ALMA, an international astronomy facility, is a partnership of Europe, North America and East Asia in cooperation with the Republic of Chile. ALMA construction and operations are led on behalf of Europe by ESO, on behalf of North America by the National Radio Astronomy Observatory (NRAO), and on behalf of East Asia by the National Astronomical Observatory of Japan (NAOJ). The Joint ALMA Observatory (JAO) provides the unified leadership and management of the construction, commissioning and operation of ALMA.

The year 2012 marks the 50th anniversary of the founding of the European Southern Observatory (ESO). ESO is the foremost intergovernmental astronomy organisation in Europe and the world’s most productive ground-based astronomical observatory by far. It is supported by 15 countries: Austria, Belgium, Brazil, the Czech Republic, Denmark, France, Finland, Germany, Italy, the Netherlands, Portugal, Spain, Sweden, Switzerland and the United Kingdom. ESO carries out an ambitious programme focused on the design, construction and operation of powerful ground-based observing facilities enabling astronomers to make important scientific discoveries. ESO also plays a leading role in promoting and organising cooperation in astronomical research. ESO operates three unique world-class observing sites in Chile: La Silla, Paranal and Chajnantor. At Paranal, ESO operates the Very Large Telescope, the world’s most advanced visible-light astronomical observatory and two survey telescopes. VISTA works in the infrared and is the world’s largest survey telescope and the VLT Survey Telescope is the largest telescope designed to exclusively survey the skies in visible light. ESO is the European partner of a revolutionary astronomical telescope ALMA, the largest astronomical project in existence. ESO is currently planning the 39-metre European Extremely Large optical/near-infrared Telescope, the E-ELT, which will become “the world’s biggest eye on the sky”.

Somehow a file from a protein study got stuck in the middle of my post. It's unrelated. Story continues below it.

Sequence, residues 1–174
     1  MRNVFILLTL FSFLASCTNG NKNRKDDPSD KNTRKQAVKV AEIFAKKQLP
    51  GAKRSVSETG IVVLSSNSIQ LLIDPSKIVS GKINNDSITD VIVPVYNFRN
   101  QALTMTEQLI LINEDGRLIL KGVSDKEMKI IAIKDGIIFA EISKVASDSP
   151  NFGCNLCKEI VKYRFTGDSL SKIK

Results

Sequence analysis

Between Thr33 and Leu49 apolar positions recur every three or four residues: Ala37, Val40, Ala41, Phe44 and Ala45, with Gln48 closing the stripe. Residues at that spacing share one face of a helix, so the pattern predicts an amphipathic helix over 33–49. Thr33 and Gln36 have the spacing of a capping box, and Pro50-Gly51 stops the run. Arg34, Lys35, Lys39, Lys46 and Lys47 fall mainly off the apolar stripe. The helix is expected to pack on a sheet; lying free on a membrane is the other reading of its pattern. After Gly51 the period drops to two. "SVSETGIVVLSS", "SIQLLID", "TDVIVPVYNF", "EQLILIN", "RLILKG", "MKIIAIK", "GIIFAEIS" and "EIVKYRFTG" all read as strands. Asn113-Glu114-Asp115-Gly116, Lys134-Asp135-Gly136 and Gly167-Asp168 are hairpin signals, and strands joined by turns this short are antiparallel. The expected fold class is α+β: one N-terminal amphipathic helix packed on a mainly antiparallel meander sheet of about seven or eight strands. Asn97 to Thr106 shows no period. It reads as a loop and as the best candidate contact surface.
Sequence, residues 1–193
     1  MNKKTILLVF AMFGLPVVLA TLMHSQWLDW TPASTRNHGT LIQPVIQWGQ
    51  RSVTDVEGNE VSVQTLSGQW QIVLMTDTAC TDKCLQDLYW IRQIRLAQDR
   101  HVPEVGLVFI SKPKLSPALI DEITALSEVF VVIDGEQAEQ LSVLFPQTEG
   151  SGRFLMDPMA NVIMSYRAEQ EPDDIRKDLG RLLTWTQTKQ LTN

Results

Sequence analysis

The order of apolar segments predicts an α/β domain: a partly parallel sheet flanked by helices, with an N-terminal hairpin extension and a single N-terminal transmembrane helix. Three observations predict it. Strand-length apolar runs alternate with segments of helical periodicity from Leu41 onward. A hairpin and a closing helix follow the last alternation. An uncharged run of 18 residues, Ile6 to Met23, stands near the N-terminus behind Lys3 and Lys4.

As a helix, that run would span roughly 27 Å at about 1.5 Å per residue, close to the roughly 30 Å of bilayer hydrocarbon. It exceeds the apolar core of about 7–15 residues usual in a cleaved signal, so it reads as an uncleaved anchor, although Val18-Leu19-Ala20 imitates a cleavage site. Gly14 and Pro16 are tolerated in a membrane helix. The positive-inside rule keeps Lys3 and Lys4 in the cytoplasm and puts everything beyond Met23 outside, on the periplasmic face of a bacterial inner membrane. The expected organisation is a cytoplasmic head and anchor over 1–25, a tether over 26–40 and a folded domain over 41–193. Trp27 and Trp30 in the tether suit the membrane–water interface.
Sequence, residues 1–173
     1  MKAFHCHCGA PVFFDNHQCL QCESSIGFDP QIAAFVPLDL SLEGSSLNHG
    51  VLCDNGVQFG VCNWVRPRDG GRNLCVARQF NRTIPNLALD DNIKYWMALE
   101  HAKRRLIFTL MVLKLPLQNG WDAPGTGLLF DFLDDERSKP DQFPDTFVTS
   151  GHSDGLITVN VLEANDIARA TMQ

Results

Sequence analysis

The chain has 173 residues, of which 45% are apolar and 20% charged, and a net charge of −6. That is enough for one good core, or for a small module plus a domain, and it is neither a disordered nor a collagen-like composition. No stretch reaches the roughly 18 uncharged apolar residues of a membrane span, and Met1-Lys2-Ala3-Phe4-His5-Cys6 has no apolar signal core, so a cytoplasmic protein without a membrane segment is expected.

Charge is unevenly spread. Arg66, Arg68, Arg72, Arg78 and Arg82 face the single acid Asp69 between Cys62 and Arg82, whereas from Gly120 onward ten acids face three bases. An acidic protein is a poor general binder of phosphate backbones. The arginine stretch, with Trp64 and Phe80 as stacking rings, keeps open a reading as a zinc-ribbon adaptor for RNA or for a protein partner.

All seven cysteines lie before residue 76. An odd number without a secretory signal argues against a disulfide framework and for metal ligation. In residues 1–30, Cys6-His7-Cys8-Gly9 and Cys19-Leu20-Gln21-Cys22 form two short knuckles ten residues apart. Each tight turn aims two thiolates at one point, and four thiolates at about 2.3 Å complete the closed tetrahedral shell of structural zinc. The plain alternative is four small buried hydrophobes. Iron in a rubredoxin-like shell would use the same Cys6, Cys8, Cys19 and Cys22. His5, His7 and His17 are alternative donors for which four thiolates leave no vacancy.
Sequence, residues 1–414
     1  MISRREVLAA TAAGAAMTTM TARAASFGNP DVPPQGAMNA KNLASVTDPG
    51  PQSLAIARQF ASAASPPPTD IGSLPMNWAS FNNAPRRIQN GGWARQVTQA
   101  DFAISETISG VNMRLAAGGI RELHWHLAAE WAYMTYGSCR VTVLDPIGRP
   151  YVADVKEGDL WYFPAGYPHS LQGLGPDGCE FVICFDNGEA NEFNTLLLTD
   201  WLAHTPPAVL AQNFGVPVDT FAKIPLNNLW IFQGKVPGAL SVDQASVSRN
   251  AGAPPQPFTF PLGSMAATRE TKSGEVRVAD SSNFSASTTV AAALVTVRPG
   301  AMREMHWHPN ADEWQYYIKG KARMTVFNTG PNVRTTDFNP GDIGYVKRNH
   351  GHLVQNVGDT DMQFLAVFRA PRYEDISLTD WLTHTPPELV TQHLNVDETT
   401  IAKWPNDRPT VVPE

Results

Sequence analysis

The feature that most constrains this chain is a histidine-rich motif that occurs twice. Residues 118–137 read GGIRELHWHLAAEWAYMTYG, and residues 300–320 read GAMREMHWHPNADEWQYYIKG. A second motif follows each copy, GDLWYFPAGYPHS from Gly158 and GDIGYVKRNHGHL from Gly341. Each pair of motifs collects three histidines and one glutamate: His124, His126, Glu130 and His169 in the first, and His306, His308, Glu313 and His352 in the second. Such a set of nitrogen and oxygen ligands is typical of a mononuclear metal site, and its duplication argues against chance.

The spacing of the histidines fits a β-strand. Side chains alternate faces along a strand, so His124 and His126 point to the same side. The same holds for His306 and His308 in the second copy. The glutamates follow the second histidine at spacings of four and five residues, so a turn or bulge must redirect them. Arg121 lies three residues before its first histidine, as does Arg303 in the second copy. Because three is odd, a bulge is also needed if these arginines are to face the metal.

Links:

    Research paper: http://www.eso.org/public/archives/releases/sciencepapers/eso1248/eso1248a.pdf

    More about ALMA at ESO: http://www.eso.org/public/teles-instr/alma.html

    The Joint ALMA Observatory: http://www.almaobservatory.org/

Images, Text, Credit: ALMA (ESO/NAOJ/NRAO)/M. Kornmesser (ESO)/L. Calçada (ESO)/Digitized Sky Survey 2. Acknowledgement: Davide De Martin/IAU and Sky & Telescope/Videos: ALMA (ESO/NAOJ/NRAO)/L. Calçada (ESO)/M. Kornmesser (ESO)/Nick Risinger (skysurvey.org)/Digitized Sky Survey 2 Music: movetwo.

Best regards, Orbiter.ch

jeudi 29 novembre 2012

MESSENGER Finds New Evidence for Water Ice at Mercury's Poles












NASA - MESSENGER Mission to Mercury patch.

Nov. 29, 2012

New observations by the MESSENGER spacecraft provide compelling support for the long-held hypothesis that Mercury harbors abundant water ice and other frozen volatile materials in its permanently shadowed polar craters.